The mammary gland is composed of a combination of three different types of tissue: glandular tissue (which secretes human milk), connective or fibrous tissue, as well as adipose tissue. The relative proportion of each of these tissues varies greatly for the same person, according to the time of life, but also from one person to another.
The predominance of adipose tissue, which changes with age, favours the interpretation of images created after a mammogram, because the fat is not very dense and results in a black image. Therefore, tumour lesions (spots, artifacts or whitish calcifications) that one attempts to detect by this examination will be much more visible on a black greasy background, than on a white background of glandular or fibrous tissue.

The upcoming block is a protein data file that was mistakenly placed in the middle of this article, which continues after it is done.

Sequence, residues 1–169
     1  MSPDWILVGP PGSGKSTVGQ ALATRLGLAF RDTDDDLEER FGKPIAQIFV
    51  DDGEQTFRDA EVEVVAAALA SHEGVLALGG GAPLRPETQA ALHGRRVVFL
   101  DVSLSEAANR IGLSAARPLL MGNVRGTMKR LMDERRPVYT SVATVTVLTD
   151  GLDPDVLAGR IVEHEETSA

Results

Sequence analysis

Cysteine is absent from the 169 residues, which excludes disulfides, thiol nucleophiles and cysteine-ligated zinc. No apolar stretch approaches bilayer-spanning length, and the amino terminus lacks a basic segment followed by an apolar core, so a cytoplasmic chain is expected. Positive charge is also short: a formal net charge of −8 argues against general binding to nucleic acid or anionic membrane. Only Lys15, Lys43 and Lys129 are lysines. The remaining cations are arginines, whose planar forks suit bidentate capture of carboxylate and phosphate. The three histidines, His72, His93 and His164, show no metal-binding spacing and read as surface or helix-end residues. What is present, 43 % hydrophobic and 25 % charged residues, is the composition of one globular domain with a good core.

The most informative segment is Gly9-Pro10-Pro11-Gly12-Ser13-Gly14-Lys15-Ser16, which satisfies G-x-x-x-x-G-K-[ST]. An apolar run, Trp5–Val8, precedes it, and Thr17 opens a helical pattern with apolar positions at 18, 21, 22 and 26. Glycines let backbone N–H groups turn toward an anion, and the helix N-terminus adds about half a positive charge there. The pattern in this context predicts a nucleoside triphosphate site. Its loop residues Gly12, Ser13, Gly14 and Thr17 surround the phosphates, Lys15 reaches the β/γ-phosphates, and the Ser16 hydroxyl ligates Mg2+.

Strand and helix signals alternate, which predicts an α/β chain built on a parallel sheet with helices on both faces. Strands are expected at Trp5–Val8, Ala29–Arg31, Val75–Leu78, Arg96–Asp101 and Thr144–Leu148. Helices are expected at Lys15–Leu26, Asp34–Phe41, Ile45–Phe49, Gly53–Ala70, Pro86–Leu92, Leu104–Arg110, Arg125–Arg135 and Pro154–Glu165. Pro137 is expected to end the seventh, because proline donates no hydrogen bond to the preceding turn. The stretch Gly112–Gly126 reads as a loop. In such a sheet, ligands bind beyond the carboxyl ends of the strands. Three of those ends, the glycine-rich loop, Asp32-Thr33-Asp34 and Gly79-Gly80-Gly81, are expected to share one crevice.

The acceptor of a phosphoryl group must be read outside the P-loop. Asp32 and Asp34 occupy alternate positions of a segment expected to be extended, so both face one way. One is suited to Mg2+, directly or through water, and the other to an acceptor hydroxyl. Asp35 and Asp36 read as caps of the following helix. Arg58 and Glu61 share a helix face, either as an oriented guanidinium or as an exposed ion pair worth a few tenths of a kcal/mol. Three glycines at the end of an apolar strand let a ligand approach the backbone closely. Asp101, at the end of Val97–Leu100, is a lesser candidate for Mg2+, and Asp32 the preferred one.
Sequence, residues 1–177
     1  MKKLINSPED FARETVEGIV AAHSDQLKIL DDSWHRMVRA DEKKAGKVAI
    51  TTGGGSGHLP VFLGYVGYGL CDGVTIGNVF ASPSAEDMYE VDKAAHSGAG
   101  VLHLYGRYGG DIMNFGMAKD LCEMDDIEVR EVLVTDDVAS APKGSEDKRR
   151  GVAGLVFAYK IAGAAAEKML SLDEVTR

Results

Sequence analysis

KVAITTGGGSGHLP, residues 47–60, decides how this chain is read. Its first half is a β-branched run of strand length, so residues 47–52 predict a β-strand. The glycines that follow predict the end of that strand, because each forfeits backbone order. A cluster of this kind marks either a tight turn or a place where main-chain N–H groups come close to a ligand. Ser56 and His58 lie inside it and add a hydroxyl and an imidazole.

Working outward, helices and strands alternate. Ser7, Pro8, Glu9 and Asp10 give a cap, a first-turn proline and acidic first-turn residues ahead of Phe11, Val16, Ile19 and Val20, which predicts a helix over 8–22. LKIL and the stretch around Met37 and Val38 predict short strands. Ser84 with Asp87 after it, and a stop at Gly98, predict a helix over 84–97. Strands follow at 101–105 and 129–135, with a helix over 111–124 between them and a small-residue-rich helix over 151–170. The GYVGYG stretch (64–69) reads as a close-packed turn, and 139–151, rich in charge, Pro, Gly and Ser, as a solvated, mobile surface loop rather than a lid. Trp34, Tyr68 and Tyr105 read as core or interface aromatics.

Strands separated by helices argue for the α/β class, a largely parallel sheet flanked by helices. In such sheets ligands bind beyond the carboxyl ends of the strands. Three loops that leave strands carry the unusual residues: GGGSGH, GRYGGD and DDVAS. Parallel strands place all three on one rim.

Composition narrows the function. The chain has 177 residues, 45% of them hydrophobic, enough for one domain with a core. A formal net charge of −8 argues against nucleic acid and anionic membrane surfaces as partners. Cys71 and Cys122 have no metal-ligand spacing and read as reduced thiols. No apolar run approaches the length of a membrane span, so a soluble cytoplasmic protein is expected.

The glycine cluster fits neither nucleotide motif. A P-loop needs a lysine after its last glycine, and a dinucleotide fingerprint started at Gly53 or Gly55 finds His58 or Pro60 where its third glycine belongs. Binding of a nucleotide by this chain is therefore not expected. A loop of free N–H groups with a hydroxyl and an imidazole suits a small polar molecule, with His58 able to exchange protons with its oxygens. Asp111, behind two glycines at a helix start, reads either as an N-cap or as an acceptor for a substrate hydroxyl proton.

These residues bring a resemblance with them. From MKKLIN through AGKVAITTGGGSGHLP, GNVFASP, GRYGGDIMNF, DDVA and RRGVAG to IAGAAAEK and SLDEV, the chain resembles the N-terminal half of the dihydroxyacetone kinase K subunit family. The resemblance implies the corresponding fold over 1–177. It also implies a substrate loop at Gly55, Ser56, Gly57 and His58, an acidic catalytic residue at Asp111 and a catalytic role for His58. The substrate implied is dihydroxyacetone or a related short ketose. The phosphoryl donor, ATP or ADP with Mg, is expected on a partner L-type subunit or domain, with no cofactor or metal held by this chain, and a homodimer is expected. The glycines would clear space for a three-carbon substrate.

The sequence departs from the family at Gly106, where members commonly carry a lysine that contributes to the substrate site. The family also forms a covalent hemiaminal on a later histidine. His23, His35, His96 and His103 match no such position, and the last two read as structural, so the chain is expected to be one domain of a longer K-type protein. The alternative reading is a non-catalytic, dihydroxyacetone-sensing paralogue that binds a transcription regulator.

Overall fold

Hormone therapy generally stimulates tissue density.
The dominant composition of breast tissue often determines the clinical appearance of the breast. Thus, a fatty breast will be much more flexible and carry fewer nodules than a glandular breast, which will be firmer and often more painful, especially before menstruation.